Assumption I. The longitudinal stress near a bend consists of two components. One is from the bending of the tangent leg generated by the displacement at the bend and the resistance of the soil to the lateral movement of the pipe. The other is from the elongation of the tangent leg to accommodate the displacement at the bend which diminishes gradually along the leg under the friction of the soil. Figure 2 compares the stresses as well as each component near a 30° bend, a 45° bend and a 90° bend. The results were from a 30-inch diameter (OD) and 0.5-inch wall thickness (WT) pipeline operated at 2,000 psig pressure level. No thermal deformation was considered. As shown in the figure, the total stresses are higher near the 30° and 45° bends than those near the 90° bend at locations very close to the bend center. At locations away from the bend, however, the total stress near the 90° bend becomes the highest. A close look of the stress components reveals that the 30° and 45° bends generate higher bending components while the 90° bend always generates the highest elongation component. Figure 3 further shows the longitudinal stress just at the bend center with various angles. For the illustrated pipe dimension and buried condition, the stress at bend center reaches the highest value at around 40°. Such a trend is also verified by FEA shown as diamond points in the figure. Therefore, Assumption I is only true beyond a critical distance to the bend center. This critical distance depends on pipe dimensions, buried conditions and internal pressure level.
Figure 2. Longitudinal stress distribution along tangent leg with angles at the bend of 30°, 45° and 90°. The total stress (solid lines) consists of bending (dashed lines) and elongation components (dotted lines).
Figure 3. Longitudinal stress at bend center with various angles
Assumption II. The assumption of half hoop stress is based on the thrust force from internal pressure at a 90° bend without considering the resistance from the soil and the bending of the pipeline. For the pipeline investigated in Figures 2 and 3, half of the hoop stress is 30 ksi. From Figure 2, the total longitudinal stress is lower than 30 ksi at locations beyond 8 feet from the bend center. Most investigated girth welds or defects should be beyond 8 feet from the bend center in a 30-inch OD pipeline. However, exceptions exist such as when the defects exist on the curved portion of a bend or a girth weld connecting a pipe joint to a segmented bend is present. The elongation component is uniform in the pipe cross section and never exceeds the 30 ksi. However, the total stress may exceed the 30 ksi near the bend center after adding the bending component. If the defect is close to the neutral axis of the bending, the overall stress may still be below half of the hoop stress. In summary, one half of the hoop stress is conservative at most locations away from the bend. For girth welds or defects near the bend center, the stress should be examined with the consideration for the defect location along the pipe circumference.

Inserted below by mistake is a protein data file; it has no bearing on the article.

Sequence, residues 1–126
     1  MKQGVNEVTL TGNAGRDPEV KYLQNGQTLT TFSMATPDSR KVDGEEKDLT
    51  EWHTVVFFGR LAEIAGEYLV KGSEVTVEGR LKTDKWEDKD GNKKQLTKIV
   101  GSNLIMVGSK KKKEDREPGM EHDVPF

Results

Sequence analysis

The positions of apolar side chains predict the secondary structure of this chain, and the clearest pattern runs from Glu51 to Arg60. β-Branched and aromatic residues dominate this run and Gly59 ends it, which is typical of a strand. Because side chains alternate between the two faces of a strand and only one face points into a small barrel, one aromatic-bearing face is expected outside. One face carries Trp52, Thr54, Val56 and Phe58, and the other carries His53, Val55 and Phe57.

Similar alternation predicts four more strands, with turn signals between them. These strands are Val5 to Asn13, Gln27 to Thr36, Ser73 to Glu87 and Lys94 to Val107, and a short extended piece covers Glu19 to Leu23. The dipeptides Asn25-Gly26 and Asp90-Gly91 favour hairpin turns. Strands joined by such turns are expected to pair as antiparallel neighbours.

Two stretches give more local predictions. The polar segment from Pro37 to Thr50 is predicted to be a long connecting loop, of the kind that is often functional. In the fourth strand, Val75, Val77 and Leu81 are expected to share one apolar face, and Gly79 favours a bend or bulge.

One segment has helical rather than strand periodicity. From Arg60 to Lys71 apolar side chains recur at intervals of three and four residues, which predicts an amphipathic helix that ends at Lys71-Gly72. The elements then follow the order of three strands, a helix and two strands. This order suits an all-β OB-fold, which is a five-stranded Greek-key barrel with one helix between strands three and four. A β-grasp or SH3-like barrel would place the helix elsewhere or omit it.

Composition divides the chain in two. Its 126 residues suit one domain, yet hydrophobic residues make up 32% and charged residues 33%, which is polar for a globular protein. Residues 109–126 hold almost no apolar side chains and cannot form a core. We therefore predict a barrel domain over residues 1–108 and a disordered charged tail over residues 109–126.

This article is based on a technical paper written by Fan Zhang PhD and Michael Rosenfeld PE and published in the June 2018 issue of Journal of Pipeline Engineering. The paper includes the details of the analytical solution, and its derivation and FEA verification. In addition to the examination of two simplified assumptions described above, the paper also discussed the influence of bend curvature and influenced length.